Actually, for the first time I would have to agree with her summary, if only because it’s a short letter and this is its primary point. It’s a point Rilke makes again and again in other letters, though, in slightly different ways. He writes at length about the importance of patience, not just for the purpose of writing poetry but in a bigger way, to discover your own depths and learn what you think and desire, who you are. With this kind of patience, he believes you should not race to find concrete answers, and in fact you should not even have concrete answers as a goal in any way. It’s the openness of the question itself that matters; it’s the realization that the question itself is the point, not its answer; it’s the understanding that one must live those questions to find their answers. It’s not just a cerebral exercise.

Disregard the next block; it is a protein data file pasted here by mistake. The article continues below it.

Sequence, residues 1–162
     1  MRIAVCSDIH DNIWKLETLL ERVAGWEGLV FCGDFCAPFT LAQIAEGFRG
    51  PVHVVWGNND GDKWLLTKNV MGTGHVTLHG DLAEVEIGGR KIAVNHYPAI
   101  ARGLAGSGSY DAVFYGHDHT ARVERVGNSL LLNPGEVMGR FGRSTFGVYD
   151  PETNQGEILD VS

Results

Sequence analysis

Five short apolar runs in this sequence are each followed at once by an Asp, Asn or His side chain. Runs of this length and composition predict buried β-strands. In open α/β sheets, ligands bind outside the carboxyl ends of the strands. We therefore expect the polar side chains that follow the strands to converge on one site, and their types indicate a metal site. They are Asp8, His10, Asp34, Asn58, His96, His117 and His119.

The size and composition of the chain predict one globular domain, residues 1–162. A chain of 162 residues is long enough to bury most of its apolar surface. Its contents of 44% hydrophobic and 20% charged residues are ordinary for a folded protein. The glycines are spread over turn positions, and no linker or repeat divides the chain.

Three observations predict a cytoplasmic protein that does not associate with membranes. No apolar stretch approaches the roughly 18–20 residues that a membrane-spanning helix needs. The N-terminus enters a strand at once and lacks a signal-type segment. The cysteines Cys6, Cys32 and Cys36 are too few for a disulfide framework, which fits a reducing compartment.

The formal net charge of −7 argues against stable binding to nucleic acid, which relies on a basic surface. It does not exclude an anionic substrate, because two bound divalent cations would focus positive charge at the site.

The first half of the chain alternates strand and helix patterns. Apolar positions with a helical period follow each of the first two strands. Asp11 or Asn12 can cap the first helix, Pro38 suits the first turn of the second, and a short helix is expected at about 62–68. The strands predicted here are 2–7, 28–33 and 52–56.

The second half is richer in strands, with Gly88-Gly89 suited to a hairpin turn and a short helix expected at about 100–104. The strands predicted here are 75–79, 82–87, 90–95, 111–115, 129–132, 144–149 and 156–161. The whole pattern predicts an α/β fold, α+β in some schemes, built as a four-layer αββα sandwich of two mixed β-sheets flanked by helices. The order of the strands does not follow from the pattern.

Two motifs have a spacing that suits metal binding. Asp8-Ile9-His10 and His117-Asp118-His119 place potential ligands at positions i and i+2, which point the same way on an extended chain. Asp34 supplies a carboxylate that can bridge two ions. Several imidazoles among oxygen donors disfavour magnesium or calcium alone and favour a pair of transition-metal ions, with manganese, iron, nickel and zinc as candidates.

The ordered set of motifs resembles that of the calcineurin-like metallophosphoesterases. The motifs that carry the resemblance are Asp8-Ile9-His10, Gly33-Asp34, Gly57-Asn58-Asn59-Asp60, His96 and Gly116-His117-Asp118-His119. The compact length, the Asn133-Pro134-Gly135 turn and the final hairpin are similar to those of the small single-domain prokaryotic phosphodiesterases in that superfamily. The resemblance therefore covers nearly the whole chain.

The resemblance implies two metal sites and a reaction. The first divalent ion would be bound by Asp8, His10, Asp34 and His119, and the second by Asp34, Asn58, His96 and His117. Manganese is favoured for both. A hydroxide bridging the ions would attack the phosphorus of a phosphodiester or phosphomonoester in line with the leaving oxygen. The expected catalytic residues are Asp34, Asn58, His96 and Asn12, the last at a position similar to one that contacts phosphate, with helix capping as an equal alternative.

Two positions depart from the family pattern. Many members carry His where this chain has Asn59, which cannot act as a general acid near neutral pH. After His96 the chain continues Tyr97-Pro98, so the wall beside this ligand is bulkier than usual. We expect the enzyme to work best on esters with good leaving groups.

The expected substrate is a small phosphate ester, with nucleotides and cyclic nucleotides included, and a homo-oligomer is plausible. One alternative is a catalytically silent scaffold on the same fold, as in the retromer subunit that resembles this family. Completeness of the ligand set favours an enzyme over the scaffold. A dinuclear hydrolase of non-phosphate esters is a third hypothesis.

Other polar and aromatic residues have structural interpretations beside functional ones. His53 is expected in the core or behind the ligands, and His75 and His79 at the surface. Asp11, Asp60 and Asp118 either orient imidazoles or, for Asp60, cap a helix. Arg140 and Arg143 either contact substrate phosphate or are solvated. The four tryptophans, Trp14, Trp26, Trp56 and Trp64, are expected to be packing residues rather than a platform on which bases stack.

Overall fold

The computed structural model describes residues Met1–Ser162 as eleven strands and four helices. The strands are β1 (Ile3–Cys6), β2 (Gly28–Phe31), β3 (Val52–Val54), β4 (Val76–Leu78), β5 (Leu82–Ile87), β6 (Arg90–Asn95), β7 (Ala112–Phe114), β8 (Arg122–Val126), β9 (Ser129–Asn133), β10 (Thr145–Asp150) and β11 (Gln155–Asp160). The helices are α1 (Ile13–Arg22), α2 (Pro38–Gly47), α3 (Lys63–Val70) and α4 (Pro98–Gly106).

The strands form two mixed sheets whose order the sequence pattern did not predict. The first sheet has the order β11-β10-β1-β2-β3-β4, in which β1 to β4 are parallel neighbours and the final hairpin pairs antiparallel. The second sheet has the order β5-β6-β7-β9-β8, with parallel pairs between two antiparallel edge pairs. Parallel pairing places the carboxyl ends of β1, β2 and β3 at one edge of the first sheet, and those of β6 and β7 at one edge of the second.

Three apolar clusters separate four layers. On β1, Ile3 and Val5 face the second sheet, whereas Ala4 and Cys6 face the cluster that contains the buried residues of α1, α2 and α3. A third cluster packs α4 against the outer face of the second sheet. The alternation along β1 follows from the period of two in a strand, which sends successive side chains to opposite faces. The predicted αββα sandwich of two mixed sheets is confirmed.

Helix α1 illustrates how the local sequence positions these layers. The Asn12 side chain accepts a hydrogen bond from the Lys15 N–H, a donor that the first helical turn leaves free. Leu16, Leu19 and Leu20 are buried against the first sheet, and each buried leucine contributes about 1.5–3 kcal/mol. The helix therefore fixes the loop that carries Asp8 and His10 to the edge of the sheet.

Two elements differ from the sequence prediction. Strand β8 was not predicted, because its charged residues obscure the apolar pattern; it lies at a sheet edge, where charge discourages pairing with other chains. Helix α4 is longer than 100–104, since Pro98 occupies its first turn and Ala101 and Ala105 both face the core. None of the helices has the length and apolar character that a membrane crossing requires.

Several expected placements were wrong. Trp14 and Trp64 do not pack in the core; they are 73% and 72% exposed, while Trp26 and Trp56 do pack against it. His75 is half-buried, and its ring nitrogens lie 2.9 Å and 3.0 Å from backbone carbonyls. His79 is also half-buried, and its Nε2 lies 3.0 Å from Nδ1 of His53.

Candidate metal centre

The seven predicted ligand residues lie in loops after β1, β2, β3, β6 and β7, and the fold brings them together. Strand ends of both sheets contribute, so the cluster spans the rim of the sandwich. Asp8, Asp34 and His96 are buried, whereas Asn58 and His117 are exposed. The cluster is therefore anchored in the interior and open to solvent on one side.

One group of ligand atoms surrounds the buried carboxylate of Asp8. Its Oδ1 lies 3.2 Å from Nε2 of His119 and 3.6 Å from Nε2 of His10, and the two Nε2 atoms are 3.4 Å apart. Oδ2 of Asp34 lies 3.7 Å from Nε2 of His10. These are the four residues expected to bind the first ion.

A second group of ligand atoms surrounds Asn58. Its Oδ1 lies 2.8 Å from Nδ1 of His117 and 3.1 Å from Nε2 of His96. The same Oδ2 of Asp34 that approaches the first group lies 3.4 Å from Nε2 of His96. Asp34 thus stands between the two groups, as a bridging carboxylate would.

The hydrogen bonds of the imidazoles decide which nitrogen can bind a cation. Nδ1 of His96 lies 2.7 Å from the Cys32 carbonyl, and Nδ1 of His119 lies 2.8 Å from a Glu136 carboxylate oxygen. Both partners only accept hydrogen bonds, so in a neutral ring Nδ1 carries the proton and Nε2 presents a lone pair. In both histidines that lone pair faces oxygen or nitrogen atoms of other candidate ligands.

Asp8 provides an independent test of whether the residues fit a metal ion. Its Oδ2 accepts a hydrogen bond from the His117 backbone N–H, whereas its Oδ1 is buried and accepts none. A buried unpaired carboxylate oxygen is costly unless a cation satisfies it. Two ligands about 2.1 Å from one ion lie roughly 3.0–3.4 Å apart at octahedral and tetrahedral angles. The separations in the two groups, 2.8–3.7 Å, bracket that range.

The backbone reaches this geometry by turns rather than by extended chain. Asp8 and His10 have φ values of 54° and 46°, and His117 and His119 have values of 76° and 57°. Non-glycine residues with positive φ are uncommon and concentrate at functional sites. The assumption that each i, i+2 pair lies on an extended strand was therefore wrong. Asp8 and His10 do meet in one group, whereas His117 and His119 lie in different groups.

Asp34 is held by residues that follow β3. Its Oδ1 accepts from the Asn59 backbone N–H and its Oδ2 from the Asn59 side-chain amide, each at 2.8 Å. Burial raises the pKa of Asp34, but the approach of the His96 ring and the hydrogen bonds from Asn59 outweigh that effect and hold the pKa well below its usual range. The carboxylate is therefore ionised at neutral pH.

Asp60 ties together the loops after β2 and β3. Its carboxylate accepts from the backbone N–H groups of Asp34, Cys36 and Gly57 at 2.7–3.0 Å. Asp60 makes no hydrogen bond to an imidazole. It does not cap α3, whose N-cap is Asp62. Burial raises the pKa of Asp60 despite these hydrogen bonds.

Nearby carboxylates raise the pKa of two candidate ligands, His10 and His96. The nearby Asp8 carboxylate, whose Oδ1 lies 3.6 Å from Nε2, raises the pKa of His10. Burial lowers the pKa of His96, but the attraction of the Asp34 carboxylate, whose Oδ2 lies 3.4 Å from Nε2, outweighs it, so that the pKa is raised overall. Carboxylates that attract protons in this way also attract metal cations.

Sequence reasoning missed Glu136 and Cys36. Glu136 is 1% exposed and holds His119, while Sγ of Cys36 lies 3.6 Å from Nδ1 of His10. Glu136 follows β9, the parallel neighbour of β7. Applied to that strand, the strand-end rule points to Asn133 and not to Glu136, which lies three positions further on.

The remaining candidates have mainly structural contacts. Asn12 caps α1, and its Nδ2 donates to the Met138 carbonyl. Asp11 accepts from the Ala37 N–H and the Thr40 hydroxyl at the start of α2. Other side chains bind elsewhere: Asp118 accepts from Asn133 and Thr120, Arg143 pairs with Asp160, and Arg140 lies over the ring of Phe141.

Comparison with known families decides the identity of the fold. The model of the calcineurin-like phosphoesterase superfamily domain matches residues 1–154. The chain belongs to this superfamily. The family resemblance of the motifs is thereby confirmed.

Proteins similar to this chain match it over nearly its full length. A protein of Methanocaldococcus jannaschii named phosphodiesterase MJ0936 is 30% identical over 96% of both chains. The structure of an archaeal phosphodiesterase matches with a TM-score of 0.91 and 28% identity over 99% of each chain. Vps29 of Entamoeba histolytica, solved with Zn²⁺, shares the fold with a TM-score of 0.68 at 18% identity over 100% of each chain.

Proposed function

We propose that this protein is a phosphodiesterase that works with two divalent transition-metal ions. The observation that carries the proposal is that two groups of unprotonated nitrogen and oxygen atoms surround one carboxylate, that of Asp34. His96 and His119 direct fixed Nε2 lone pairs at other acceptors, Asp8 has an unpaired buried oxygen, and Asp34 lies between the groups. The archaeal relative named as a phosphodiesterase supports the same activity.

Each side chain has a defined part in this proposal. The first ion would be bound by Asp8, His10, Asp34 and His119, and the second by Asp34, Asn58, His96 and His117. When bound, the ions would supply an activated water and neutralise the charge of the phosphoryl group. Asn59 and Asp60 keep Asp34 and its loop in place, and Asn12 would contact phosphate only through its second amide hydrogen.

What does this mean, really? I like the sound of it and agree in the abstract, but to do something with it I need to bring it into my own real life and not just let it hang in a handwaving kind of way. So I start with a basic question: